Baca at the barricades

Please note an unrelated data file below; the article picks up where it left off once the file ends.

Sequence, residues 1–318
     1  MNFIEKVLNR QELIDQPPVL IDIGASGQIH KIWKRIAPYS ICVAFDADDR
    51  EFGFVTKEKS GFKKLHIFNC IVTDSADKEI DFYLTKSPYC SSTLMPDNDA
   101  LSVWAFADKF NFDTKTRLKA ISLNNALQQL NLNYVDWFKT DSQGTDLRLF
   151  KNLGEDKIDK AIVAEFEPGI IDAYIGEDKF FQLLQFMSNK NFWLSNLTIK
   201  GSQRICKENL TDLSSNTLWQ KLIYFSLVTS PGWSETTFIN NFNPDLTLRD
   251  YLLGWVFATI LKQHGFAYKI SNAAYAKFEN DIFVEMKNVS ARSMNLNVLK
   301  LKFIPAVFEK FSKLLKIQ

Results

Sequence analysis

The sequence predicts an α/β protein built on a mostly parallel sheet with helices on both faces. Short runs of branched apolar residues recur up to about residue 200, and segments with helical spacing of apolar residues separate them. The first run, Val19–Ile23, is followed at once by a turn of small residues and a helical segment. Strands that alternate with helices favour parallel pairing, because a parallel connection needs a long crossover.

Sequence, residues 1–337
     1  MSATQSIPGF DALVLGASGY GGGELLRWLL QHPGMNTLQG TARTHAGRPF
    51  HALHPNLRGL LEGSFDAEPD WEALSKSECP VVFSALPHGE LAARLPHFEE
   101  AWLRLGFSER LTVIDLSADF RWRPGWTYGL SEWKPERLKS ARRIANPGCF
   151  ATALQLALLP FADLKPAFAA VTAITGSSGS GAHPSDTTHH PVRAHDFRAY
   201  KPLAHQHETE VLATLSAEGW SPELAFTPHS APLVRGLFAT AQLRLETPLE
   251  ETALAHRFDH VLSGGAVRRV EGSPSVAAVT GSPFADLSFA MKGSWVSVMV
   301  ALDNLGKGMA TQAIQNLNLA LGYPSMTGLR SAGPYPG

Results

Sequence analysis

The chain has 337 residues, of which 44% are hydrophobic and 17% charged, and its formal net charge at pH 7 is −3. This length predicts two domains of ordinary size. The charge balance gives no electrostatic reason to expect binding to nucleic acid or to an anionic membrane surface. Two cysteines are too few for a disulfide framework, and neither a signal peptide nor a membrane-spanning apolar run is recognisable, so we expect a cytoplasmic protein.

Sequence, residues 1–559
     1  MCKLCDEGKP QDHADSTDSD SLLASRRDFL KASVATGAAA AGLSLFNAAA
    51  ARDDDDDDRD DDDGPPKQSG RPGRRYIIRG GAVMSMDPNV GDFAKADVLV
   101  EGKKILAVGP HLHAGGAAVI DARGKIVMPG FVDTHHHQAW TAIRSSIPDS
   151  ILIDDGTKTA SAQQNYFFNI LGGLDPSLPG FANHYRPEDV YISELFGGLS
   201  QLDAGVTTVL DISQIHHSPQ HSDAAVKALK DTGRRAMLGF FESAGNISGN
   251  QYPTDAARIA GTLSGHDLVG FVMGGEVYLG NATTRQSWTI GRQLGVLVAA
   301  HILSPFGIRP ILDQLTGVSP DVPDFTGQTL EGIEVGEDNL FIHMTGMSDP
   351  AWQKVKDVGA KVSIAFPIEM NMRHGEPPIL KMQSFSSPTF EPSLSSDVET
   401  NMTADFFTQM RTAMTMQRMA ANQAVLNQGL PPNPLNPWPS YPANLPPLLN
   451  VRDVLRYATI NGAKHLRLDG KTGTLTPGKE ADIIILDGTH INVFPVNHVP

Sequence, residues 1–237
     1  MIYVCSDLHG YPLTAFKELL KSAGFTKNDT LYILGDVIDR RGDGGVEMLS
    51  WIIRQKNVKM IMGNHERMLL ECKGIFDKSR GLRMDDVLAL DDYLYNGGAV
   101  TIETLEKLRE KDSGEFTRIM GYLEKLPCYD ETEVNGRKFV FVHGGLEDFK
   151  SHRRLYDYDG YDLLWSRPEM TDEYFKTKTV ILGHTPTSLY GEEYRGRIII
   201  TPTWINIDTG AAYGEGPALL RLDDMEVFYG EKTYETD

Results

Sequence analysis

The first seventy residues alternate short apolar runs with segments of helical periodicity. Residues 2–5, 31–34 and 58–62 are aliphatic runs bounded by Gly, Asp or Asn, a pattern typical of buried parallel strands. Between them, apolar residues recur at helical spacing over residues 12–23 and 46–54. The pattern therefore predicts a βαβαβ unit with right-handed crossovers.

A movement is under way within the Clinton administration to remove Jim Baca as director of the Bureau of Land Management. Baca has had a difficult year, butting heads with ranchers and miners over federal land reforms and with Idaho Gov. Cecil Andrus over a proposed bombing range (HCN, 1/24/94). On Jan. 27, top officials with the Department of Interior admitted that Baca was being pressured to take a lower profile job as deputy assistant secretary for land and minerals management. Within hours of hearing the news, national environmental groups mounted a campaign in Baca's defense. "(Removing Baca) would cast serious doubt on this administration's commitment to reform," said Debbie Sease, legislative director for the Sierra Club. Alerts went out through national environmental networks and across the computer Internet. On Jan. 28 the White House and the Department of Interior were deluged with angry protests. By noon Clinton's chief of staff Thomas McLarty ran out of fax paper and was forced to re-route phone calls. Later that night, Baca announced to the press that he would not resign. However, at a press conference Jan. 31, Interior Secretary Bruce Babbitt said discussions were continuing with Baca. As of presstime, no formal decision had been announced.